But while she looked in wonder on the maid, astonished at her lovely face and mien, Meave saw her garment change to dusky red. And in the dimness, she perceived the maiden held a sword, point upward, in her hand, a massive sword, such as a mighty man-of-war might wield. And from the point blood dripped, and one by one the drops fell on the Queen, till all her cloak and garments, and the chariot-floor ran red with streams of blood.

And terror came on Meave, and all in vain she sought to force her horses forward, but still they reared and curvetted, but would not advance. "Girl," cried the Queen at last, "what doest thou here, and who and what art thou?"

"I am a woman of the fairy race," the maid replied; "I come to-night to tell thee of thy fortunes, and the chance that shall befall thee and thy hosts upon this raid that thou dost make on Ulster."

"What is thy name, and wherefore thus, without my will, hast thou presumed to come and speak with me?" replied the angry Queen.

"Great cause have I to come; for from the fairy-rath of thine own people, near to Cruachan, am I here; and Feidelm the prophetess my name."

"Well, then, O prophetess Feidelm," said Queen Meave, "how seest thou our host?" but yet she trembled as she spoke. And Feidelm said, "I see thy hosts all red, I see them all becrimsoned."

"Thou seest ill, O prophetess," said Meave; "for in the courts of Emain now the king lies sick and ill; my messengers have been to him, and nought there is that we need fear from Ulster. Therefore, O Feidelm, woman-prophet Feidelm, tell us now but the truth; how seest thou our hosts?"

"I see them all dyed red, I see them all becrimsoned," said the girl again.

"It cannot be," said Meave. "For many months my spies have been in Ulster, and this well I know; that in Ulster they dream not of the coming of a host. Now tell us this time true, O Feidelm, O woman-prophet Feidelm, how seest thou our host?"

But again the maiden answered as before: "I see all red on them, I see them all becrimsoned."

Then Meave grew angry, and fury came upon her, and she called on her charioteer to slay the fairy maid. But the man was afraid to touch her, so strange and formidable did she stand there, holding the dripping sword upright.

Then once again Meave answered her: "Girl, I care not for thy threats, for well I know, that when the men of Ulster come together, frays and quarrels will arise among themselves, either as regards the troop which shall precede the host, or that one which shall follow; or about precedence among the leaders, or about forays for cattle and for food. Therefore, I conclude that they will fall upon each other, and that it will be but a little matter for me to disperse them, and return again with spoils to Cruachan."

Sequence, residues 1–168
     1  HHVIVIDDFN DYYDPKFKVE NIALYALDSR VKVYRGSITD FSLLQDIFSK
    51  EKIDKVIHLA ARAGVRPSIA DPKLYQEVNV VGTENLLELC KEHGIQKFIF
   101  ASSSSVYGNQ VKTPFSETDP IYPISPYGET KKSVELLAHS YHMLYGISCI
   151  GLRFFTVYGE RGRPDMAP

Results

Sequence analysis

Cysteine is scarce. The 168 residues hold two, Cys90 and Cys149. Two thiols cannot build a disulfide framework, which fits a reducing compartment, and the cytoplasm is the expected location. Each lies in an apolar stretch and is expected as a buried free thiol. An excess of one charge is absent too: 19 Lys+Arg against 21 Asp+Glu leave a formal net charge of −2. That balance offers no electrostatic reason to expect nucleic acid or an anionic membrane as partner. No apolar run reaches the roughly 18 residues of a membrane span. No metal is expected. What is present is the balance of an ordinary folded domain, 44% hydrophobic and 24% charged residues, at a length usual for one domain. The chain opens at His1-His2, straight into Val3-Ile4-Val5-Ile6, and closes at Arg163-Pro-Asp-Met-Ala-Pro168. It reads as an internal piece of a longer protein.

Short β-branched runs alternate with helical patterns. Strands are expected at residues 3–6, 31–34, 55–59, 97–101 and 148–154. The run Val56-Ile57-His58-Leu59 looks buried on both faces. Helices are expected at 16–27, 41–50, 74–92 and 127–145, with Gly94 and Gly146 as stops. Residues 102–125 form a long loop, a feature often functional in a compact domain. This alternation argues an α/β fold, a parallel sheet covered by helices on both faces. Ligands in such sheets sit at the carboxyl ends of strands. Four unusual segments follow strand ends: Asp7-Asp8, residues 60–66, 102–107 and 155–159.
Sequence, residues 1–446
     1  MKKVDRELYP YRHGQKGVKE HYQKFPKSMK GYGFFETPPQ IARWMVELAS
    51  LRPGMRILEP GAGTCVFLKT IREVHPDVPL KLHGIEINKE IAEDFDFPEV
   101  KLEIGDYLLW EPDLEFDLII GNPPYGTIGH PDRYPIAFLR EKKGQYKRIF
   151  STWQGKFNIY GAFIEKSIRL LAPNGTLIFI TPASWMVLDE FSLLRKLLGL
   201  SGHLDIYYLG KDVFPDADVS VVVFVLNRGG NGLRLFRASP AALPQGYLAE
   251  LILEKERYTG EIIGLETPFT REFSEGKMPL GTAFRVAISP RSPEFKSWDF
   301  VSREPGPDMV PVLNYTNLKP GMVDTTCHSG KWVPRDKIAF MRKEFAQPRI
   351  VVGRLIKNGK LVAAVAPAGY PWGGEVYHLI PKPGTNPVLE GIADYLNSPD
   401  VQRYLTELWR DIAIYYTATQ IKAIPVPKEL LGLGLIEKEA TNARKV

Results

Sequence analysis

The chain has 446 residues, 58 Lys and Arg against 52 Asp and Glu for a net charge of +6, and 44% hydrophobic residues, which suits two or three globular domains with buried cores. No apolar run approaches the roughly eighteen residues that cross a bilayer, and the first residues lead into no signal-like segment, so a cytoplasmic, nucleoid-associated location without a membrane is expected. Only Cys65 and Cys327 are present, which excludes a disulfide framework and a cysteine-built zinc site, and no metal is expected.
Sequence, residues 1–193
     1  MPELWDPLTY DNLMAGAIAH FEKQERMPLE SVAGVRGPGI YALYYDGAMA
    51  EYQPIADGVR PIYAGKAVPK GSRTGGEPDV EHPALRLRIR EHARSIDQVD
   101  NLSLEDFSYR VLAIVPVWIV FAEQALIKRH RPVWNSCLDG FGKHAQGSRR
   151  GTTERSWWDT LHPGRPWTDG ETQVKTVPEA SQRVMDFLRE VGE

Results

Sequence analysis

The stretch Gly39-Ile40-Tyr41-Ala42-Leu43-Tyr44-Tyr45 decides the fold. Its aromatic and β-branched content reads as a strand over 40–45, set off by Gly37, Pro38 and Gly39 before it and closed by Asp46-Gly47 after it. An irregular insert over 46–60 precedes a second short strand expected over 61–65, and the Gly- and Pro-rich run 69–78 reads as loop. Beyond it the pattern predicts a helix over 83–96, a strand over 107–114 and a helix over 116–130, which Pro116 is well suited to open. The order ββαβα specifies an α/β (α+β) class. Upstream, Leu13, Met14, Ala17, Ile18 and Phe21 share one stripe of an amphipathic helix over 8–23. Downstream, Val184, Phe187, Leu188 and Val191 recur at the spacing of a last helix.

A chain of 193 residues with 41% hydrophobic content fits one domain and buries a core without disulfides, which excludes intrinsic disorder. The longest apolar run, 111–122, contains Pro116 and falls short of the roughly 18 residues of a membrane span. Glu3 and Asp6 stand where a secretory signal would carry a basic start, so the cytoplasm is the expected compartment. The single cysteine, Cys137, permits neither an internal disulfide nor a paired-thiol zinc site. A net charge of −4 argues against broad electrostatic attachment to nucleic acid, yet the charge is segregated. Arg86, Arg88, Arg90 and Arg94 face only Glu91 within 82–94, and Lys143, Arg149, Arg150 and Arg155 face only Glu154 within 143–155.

Then the maiden's face grew grave, and she spoke as though she saw a vision, and Meave trembled as she listened to her words. "I see thy host," she said, "crimson and red, fall back before the men of Ulster, Yet the host of Ulster seems not a mighty host, but faint and weak through sickness, and the King of Ulster lies on his bed. Through all my dreams there comes a lad, not old in years, but great in weapon-feats. Young though he is, the marks of many wounds are on his skin, and round his head there shines the 'hero's light.' A face he has the noblest and the best, and in his eyes sparkle the champion's gleams; a stripling, fair and modest in his home, but in the battle fierce and tough and strong, as though he wore a mighty dragon's form. In either of his hands four darts he holds, and with a skill before him unknown, he plies them on your host. A formidable sword hangs by his side, and close beside him stands his charioteer, holding his pointed spear. A madness seems to seize him in the fight; by him your hosts are all hewn down, and on the battle-field the slain, foot laid to foot and hand to hand, do thickly lie. Before the hosts of Ulster all unmoved he stands as if to guard them from the fight; all on himself the burden of the uneven contest falls. Strong heroes cannot stand before his blows, and in the homes of Connaught women weep the slain who come not back. This is the vision that I see, and this the prophecy of Feidelm, Cruachan's woman-seer."

Then all her pride and courage fled from Meave, and fearfully she asked the woman-seer, "What is the name by which this youth is known?"

And Feidelm said: "To all the world the youth's name will be known, Cuchulain son of Sualtach, of the Feats; but in the North, because he guards their homes as a good watch-dog guards the scattered flocks upon the mountain-side, men call him lovingly, 'The Hound of Ulster.' "

Then to her fairy-dwelling Feidelm returned, and Meave went to her tent again.